“If a blood test had existed, it would have saved a lot of heartache. The uncertainty was really hard to deal with as a family.”
Simon now has difficulty completing simple tasks such as making a cup of tea, and sometimes struggles to recall his loved ones’ names.
Emma said his diagnosis had helped the family, of Solihull, access support from Alzheimer’s Society.
She added: “People are frightened of getting a diagnosis because there’s no cure.”
Everybody with dementia deserves a diagnosis and the support, treatment and care this can bring.
But we know that right now, over a third of people living with dementia in England are undiagnosed, left to cope alone with symptoms that could potentially be treated, and at risk of ending up in crisis.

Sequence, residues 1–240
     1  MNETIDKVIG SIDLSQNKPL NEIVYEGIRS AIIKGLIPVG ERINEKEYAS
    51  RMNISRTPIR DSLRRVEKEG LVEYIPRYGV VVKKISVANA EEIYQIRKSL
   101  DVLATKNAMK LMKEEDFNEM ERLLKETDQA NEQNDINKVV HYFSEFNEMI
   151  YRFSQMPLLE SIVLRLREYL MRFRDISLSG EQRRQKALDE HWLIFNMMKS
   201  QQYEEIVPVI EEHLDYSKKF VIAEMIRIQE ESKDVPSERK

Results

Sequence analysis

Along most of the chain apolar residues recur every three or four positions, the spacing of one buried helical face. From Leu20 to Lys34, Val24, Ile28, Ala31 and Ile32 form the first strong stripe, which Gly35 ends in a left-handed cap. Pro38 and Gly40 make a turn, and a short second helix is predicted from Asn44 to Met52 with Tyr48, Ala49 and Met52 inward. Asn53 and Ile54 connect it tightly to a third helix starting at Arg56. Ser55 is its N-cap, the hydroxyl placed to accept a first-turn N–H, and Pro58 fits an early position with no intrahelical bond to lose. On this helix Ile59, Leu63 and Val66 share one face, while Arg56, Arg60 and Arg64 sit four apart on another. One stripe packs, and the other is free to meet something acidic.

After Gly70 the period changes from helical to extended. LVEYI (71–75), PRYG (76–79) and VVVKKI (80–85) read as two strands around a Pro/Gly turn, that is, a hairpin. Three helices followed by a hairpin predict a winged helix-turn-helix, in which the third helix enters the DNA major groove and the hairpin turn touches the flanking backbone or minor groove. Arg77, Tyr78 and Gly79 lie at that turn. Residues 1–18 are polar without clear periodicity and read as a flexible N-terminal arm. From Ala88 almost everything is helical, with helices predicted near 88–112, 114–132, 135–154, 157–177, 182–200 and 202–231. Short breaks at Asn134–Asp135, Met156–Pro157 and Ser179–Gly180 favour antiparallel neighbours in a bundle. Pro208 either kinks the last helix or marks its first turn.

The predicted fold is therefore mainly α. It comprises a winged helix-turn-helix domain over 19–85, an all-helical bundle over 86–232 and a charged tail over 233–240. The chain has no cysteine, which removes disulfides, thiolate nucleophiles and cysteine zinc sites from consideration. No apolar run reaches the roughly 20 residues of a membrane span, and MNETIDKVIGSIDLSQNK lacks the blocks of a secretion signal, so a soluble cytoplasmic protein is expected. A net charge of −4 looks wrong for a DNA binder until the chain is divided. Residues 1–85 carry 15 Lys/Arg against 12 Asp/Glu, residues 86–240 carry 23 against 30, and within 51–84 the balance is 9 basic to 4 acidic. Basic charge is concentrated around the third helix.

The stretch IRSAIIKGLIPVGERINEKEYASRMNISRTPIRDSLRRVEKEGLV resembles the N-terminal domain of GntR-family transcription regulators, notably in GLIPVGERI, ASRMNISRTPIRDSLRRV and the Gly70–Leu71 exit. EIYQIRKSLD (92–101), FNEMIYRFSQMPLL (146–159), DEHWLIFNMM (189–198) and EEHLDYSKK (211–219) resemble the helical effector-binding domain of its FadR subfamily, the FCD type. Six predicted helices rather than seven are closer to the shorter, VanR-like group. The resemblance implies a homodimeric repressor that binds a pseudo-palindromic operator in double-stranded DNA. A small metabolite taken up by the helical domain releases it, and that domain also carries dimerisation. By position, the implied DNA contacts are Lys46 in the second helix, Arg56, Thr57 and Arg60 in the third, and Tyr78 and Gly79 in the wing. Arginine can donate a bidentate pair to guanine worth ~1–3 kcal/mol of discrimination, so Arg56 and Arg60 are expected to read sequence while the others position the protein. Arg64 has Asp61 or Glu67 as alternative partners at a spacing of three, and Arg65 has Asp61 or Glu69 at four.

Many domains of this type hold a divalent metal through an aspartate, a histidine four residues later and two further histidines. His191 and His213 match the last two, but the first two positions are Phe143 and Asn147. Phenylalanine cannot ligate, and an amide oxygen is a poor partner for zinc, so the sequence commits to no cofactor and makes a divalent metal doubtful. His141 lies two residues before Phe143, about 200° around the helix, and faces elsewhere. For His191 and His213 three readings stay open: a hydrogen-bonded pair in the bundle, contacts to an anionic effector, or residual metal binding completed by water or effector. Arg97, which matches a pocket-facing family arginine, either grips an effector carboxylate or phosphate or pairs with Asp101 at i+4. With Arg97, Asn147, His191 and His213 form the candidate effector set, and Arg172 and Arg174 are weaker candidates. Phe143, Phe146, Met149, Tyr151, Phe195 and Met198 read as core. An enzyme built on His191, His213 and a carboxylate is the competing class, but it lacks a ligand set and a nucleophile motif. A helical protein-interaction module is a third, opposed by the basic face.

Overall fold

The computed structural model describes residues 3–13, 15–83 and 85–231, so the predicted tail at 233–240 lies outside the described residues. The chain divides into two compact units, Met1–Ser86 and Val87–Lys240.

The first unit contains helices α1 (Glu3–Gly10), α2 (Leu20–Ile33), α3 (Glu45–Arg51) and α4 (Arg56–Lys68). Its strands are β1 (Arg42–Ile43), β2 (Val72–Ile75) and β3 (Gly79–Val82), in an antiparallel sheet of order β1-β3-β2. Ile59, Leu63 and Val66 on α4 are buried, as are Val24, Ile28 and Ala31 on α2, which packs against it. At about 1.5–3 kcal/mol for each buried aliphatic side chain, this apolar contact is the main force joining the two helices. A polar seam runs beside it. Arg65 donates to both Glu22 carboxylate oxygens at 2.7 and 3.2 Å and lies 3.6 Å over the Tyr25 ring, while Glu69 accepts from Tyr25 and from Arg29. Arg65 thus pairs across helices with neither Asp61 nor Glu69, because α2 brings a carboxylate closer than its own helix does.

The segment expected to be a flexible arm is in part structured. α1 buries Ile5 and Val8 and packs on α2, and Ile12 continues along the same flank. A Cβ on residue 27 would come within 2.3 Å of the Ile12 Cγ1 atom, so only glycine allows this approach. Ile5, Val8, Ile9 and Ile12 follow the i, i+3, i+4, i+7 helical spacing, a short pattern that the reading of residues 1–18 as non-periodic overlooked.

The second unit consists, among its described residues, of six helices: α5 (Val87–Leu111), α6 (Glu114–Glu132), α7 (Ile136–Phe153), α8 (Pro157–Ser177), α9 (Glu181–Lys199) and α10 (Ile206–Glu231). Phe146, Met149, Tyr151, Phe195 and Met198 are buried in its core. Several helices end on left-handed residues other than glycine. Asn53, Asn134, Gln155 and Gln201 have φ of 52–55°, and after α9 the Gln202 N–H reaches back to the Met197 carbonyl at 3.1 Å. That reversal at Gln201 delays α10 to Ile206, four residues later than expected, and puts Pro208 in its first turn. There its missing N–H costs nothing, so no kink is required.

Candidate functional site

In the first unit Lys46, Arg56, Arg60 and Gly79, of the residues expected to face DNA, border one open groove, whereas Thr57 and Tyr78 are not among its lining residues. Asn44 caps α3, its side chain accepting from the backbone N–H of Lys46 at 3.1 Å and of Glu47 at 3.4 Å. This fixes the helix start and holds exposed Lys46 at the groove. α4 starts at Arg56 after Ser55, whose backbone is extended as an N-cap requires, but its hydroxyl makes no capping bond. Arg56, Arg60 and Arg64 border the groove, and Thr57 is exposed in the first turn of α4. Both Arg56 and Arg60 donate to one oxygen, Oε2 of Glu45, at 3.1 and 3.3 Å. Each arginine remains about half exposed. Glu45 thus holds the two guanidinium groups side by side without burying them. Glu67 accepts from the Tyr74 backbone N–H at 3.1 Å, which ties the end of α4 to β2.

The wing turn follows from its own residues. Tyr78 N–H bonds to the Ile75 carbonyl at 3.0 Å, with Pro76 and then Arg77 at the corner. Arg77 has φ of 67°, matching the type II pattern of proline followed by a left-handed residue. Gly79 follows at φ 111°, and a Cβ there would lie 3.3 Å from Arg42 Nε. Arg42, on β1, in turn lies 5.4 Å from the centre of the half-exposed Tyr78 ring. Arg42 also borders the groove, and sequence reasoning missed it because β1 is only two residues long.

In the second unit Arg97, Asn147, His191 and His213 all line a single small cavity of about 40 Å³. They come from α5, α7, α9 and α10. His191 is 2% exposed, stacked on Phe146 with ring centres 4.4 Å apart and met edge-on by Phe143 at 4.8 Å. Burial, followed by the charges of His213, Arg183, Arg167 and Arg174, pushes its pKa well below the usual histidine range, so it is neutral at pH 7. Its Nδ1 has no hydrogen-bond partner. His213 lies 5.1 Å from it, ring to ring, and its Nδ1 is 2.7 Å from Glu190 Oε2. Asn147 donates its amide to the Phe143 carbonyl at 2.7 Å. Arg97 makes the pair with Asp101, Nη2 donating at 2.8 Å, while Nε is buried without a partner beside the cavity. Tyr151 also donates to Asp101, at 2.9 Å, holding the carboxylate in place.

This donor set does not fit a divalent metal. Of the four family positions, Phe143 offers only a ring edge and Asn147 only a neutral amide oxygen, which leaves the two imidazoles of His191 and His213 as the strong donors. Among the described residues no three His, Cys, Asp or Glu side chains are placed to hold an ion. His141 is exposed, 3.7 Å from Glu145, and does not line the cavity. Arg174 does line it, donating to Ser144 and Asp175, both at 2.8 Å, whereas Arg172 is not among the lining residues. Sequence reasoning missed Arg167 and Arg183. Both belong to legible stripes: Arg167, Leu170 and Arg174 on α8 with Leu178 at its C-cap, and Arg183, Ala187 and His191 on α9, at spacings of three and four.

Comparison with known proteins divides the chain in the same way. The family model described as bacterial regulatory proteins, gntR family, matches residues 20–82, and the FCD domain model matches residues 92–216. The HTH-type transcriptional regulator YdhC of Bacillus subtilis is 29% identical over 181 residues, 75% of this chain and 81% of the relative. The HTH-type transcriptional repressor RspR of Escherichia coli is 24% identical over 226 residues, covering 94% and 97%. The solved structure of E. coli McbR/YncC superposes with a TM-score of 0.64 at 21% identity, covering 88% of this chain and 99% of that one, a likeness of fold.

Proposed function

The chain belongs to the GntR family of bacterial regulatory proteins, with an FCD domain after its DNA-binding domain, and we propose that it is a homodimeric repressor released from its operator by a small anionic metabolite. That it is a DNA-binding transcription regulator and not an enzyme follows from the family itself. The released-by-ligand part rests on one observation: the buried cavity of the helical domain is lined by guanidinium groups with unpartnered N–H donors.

For those lucky enough to get a diagnosis, it can be an emotional and frustrating process, with many waiting too long to be finally told they have dementia.
We wouldn’t accept this for any other condition, but dementia just isn’t the political priority it needs to be.
Now, thanks to £5 million funding from the People’s Postcode Lottery, we’ve got the chance to completely transform dementia diagnosis by making blood tests on the NHS a reality.
We’ve seen these tests work in the lab – now is the time to find out if they work in the real world, among different ages, genders, and ethnicities.
With new drugs for Alzheimer’s on the horizon, it’s more important than ever that we’re able to diagnose people in the earliest stages of the disease, and to know exactly which type of dementia they have.
This transformation in dementia diagnosis is not just needed to help people today, but to provide hope for tomorrow.
– Fiona Carragher is director of research and influencing at Alzheimer’s Society